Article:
So Far Yet So Near
Scotland’s delightful Bicycle Island seems a world away…
WHAT has a crocodile, hundreds of bicycles, one of the world’s narrowest houses and is a popular destination for thousands of holiday-makers every year? Millport, Great Cumbrae, is the answer.
It’s only 10 minutes by ferry from Largs, but you’re about to undertake a relaxed island experience that leaves the mainland seemingly 100 miles away.
Millport was once named as one of the most charming towns in Scotland, but there have been moves by locals to have it upgraded to city status. The claim is legitimate as the town contains Britain’s smallest cathedral.
The croc is the famous painted Crocodile Rock that stands on the seashore, and is one of the town’s major landmarks. The bicycles are Millport’s favourite means of conveyance around the town or around Great Cumbrae itself – the island is often referred to as the Bicycle Island.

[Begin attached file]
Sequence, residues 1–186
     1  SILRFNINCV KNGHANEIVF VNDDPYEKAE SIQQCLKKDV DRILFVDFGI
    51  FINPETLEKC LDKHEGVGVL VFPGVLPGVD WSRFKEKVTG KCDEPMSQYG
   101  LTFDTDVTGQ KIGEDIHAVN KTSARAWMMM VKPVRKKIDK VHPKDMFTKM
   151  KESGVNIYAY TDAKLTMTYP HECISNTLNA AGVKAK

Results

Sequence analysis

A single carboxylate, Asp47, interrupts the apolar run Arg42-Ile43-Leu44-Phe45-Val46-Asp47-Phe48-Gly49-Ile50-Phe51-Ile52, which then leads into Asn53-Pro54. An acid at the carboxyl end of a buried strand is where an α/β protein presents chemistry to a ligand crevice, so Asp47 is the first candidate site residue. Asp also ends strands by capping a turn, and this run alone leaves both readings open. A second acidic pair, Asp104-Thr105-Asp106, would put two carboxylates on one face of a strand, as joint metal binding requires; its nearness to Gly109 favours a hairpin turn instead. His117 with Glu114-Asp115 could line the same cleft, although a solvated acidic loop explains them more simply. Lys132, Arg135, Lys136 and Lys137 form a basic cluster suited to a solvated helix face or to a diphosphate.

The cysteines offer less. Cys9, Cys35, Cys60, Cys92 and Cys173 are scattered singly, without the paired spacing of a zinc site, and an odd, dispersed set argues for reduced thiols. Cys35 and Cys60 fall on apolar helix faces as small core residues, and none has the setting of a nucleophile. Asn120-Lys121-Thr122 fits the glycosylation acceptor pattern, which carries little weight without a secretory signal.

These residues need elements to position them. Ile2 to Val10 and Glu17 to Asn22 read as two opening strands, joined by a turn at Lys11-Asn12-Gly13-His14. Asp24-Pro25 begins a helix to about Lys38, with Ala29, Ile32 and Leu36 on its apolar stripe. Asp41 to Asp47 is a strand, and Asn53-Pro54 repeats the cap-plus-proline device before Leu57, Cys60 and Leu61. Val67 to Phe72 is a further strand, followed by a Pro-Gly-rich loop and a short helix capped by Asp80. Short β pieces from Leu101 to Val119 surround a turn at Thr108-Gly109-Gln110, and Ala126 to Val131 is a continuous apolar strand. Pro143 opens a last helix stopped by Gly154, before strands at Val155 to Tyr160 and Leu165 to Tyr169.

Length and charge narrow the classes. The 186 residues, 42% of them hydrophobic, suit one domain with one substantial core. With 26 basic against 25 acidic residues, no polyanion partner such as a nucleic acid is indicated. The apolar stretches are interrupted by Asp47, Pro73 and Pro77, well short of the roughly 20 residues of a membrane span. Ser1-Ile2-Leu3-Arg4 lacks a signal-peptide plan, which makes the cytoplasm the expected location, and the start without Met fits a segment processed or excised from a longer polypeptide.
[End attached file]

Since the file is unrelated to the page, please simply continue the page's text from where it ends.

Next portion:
The house in question is The Wedge, which measures 1.19 metres (47 inches) across its front elevation, 6.7 metres (22 feet) long and just 3.3 metres (11 feet) wide at its widest point.
The focal point of the town is Garrison House, whose origins go back to the 18th century. It was used then as barracks for the crew of the Royal George, a vessel used to combat smuggling in the Firth of Clyde.
Extensive restoration after a fire has given it a sleek, modern interior which houses a museum telling the story of the islands of Great Cumbrae and Little Cumbrae. It is also the home of the Garrison Model Railway Club, which has set up tracks stretching to 91m (300 feet) with more than a dozen trains running on it.
Millport is an ideal base for outdoor activities. A short walk will take you to the top of Barbay Hill where you can enjoy magnificent views of Arran, Bute and the Ayrshire coast, and the shoreline provides plenty of opportunity for crabbing or rock-pooling.
The town is also the home of the National Watersports Training Centre, where many of Scotland’s top yachtsmen
Beaches and bikes – a holiday idyll